The author Wes Moore had a challenging childhood.  His father died when he was very young, his mom had to work multiple jobs to support their family after his death, and they had to live in neighborhoods plagued with drugs and gangs.  

Moore survived his turbulent youth, however, and went on to become a decorated war veteran, college graduate, and Rhodes scholar.  It was when he was in South Africa on his Rhodes fellowship that his mother told him about another young man, about his age, and from his home town, who had just been arrested for robbing a jewelry store; the robbers had killed a security guard. This young man’s name was also Wes Moore, and this Wes Moore was convicted to a life sentence in prison.  

The shock that there could be another person, with his identical name, growing up in a very similar situation who ended up in such a different place made the author want to understand the other Wes Moore, and how their lives had diverged so significantly.  This is the biography and autobiography of the two Wes Moores.

If you enjoy reading biographies of contemporary people, you might also enjoy The Boy Who Harnessed the Wind, by William Kamkwamba, or Steve Jobs: The Man Who Thought Different, by Karen Blumenthal, or Aung San Suu Kyi, by Sherry O'Keefe.

 

Click here to see if the book is in the library.

Out of My Mind

Monday, July 2nd, 2012

OutOfMyMindby Sharon Draper, 295 pages, Grades 5-8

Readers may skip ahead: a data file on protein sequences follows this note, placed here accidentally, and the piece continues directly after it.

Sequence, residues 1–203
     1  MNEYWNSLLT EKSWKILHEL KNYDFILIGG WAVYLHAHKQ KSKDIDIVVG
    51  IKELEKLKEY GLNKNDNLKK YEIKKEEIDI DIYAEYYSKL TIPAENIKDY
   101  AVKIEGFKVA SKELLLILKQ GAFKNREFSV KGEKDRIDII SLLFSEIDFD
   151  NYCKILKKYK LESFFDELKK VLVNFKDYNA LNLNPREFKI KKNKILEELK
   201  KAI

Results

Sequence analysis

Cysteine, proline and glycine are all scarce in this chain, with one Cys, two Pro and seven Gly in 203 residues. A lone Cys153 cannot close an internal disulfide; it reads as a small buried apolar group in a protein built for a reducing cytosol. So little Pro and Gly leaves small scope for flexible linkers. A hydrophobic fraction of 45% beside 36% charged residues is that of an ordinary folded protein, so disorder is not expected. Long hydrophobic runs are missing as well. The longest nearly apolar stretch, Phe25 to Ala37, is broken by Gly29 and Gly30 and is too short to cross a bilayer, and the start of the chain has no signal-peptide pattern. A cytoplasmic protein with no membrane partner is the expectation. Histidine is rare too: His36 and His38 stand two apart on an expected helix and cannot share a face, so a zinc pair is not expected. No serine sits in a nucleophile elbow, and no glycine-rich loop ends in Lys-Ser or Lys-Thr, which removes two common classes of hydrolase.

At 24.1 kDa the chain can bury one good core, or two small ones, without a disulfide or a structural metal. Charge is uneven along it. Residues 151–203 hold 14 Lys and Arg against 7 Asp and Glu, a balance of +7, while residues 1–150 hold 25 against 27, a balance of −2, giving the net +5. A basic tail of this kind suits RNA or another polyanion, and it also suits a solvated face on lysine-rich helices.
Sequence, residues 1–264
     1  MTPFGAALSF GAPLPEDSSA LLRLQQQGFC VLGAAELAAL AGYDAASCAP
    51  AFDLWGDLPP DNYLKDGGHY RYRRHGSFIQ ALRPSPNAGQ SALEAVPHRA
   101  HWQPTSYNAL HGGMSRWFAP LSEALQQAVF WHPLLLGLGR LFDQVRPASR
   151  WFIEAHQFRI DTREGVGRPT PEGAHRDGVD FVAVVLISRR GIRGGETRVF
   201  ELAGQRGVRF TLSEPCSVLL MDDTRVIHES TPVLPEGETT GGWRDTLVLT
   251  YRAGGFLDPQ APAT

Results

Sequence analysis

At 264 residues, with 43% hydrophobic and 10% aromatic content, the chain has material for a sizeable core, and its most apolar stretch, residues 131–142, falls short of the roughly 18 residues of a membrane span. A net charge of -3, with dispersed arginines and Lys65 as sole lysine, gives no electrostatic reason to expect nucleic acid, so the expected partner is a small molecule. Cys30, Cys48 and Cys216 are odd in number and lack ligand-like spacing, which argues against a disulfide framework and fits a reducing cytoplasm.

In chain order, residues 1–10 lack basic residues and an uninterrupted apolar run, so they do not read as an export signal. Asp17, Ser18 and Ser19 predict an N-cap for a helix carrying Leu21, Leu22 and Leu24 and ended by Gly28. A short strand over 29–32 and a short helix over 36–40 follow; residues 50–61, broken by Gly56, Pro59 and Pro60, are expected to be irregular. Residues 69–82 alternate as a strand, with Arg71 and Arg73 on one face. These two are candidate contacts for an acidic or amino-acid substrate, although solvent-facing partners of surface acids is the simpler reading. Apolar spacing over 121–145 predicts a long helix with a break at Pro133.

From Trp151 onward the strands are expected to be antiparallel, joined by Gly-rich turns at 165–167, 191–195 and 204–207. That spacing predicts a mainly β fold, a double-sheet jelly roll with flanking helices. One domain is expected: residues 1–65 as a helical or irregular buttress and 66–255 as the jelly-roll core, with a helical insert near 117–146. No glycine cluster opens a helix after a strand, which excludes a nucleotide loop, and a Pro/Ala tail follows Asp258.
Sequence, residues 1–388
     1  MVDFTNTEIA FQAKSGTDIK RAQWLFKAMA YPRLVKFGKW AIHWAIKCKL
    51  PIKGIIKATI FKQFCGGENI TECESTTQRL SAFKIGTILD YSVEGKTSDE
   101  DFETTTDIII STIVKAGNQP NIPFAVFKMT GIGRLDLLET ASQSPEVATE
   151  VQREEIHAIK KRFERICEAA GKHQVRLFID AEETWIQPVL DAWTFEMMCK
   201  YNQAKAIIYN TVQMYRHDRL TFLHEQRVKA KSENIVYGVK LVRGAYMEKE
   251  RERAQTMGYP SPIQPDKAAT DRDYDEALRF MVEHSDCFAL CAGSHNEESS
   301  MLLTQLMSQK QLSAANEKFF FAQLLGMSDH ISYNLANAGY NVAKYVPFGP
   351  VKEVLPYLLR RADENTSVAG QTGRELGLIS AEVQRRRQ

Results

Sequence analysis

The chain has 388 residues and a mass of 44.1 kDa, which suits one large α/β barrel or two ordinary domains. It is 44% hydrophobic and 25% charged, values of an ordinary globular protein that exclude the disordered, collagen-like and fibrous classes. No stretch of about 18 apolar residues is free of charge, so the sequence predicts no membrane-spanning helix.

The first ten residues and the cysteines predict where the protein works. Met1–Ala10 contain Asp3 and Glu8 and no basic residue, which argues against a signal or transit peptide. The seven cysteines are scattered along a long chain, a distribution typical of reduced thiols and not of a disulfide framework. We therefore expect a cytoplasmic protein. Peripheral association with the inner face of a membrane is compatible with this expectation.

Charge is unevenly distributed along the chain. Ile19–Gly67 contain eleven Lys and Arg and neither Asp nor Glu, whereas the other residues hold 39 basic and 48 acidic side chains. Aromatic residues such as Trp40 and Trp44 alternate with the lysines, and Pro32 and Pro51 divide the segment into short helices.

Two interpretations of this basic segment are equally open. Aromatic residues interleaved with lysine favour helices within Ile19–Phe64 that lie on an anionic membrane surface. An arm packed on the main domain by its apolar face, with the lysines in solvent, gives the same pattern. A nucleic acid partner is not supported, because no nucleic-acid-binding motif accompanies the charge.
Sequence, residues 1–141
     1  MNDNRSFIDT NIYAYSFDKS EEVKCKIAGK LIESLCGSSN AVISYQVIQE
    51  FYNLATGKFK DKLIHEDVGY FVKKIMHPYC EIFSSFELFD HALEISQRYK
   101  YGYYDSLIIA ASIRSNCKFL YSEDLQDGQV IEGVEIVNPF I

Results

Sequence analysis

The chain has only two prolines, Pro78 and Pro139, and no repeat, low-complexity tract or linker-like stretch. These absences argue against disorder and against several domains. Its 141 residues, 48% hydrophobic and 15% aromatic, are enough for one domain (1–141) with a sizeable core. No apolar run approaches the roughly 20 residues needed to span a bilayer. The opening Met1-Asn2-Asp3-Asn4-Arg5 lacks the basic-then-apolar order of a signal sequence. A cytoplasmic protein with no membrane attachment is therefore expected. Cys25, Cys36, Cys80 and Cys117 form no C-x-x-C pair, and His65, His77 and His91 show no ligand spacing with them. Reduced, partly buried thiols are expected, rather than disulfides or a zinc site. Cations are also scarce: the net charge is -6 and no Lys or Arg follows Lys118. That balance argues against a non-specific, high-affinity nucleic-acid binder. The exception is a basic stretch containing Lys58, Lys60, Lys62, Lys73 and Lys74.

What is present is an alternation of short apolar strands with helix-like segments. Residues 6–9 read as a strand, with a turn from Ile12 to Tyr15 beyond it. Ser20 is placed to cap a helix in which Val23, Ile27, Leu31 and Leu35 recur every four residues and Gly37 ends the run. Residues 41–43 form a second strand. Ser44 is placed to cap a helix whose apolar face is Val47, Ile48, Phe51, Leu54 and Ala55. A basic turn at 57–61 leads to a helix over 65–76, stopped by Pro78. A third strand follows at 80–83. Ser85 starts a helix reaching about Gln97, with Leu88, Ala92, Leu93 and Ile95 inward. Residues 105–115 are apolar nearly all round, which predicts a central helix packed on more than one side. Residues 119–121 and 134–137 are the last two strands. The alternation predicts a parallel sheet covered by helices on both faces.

CYRM NOMINEE 2012

Melody has an amazing memory for detail; she is extremely observant and intelligent.  The only problem is, no one around her can tell how much she understands because her cerebral palsy makes it almost impossible for her to communicate.  Her parents believe she is smart and her caretakers can see she has a good brain, in fact, one of her caretakers comes up with a system that helps Melody communicate simple things, but Melody craves so much more. All of her ideas, thoughts, jokes and insights are trapped inside her.  How can she get the recognition she deserves for her brilliant mind if no one can really tell what is going on in there?

If you enjoy books about kids who overcome adversity you might also enjoy Anything But Typical, by Nora Raleigh Baskin, or Waiting for Normal, by Leslie Connor.

 

Small Acts of Amazing Courage

Thursday, January 5th, 2012

small actsby Gloria Whelan, 209 pages, Grades 6 and up